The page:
Brady Heywood has released a report on Queensland’s mining and quarrying safety performance as part of a state government independent review.
The report, which is called Brady Review, notes that the industry had a fatality cycle based on its examination of all fatal incidents in Queensland mines and quarries from 2000 to 2019.
This will likely continue if the sector does not make any significant changes to how it operates, according to the Brady Review.
Past behaviour suggests that around 12 fatalities are likely to occur over any five-year period, the report stated.
“This pattern has been evident over the past 19.5 years and is characterised by periods where a significant number of fatalities occur, followed by periods where there are few to none,” it continued.
“This suggests that the industry goes through periods of increasing and decreasing vigilance.”
The Brady Review suggests that the causes of fatalities are typically a combination of banal, everyday factors, such as a failure of controls, a lack of training and/or absent or inadequate supervision.
“The industry needs to focus on ensuring workers are appropriately trained for the specific tasks they are undertaking (and) supervised for the tasks they are undertaking,” the report stated.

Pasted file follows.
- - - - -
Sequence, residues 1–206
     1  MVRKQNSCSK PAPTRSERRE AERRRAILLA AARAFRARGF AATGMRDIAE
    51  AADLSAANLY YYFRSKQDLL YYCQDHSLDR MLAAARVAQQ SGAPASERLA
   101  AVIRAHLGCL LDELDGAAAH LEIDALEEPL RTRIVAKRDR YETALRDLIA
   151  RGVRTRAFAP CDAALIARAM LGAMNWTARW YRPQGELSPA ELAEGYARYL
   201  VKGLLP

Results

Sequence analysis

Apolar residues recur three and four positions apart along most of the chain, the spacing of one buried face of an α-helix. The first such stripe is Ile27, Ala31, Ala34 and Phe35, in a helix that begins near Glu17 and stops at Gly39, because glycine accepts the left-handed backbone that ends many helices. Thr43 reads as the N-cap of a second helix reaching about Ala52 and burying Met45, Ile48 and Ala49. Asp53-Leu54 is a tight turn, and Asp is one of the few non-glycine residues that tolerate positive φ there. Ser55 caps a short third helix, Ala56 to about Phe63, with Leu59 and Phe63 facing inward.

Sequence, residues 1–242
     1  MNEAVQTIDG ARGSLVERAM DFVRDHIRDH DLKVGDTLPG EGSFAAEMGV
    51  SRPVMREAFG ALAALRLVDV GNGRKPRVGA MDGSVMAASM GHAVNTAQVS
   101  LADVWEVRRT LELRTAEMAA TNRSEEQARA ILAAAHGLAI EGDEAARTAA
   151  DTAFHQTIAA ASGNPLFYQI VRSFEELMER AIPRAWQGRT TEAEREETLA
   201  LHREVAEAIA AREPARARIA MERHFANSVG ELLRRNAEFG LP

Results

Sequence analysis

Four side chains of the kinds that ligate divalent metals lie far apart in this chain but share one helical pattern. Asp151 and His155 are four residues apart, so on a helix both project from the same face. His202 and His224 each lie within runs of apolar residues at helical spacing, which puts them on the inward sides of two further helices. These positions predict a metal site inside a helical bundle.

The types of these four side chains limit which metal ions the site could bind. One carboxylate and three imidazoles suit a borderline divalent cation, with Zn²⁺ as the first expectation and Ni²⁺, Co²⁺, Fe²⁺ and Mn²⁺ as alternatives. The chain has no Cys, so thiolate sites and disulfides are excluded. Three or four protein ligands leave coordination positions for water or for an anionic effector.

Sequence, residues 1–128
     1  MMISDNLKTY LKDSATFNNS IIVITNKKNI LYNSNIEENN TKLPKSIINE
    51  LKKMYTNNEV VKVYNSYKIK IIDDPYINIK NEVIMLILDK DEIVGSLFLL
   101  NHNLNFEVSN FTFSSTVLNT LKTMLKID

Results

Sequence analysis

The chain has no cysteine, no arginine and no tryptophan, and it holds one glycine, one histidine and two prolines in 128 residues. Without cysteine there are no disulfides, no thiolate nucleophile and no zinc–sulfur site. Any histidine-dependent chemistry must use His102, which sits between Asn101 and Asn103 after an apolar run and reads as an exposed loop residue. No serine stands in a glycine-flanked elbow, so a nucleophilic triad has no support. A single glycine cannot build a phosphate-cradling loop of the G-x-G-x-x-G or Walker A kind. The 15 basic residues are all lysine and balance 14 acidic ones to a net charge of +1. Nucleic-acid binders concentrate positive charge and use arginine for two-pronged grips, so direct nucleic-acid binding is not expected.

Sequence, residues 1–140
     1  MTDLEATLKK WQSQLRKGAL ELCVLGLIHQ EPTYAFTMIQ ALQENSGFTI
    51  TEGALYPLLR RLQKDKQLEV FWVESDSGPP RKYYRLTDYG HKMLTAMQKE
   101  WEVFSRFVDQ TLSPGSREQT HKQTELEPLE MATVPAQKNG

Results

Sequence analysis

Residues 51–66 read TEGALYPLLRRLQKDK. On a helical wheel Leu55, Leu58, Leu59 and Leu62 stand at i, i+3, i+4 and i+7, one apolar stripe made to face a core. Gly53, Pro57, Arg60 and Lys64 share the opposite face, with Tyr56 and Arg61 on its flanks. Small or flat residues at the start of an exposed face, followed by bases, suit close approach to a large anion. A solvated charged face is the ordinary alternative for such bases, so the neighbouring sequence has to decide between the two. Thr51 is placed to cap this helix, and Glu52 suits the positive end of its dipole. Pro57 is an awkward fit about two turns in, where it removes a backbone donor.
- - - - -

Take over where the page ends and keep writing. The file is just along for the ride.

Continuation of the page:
It provided 11 recommendations for the mining and quarrying industry and was led by Brady Heywood forensic engineer Sean Brady.
The Queensland Resources Council (QRC) has welcomed the release of the Brady Review, stating that it represents a wealth of information that the resources industry can use to further enhance safety.
“QRC endorses all of the recommendations of the Brady Review,” chief executive Ian Macfarlane said.
“The 6 fatalities that occurred between July 2018 and July 2019 have been described by some in the industry as evidence of an industry in crisis, but a bleaker assessment is that this is an industry resetting itself to its normal fatality rate.
“This is a very sobering assessment that the industry takes seriously.”
QRC plans to redouble efforts to do “everything possible” to maintain vigilance and undertake further detailed review of the findings as “a matter of urgency”.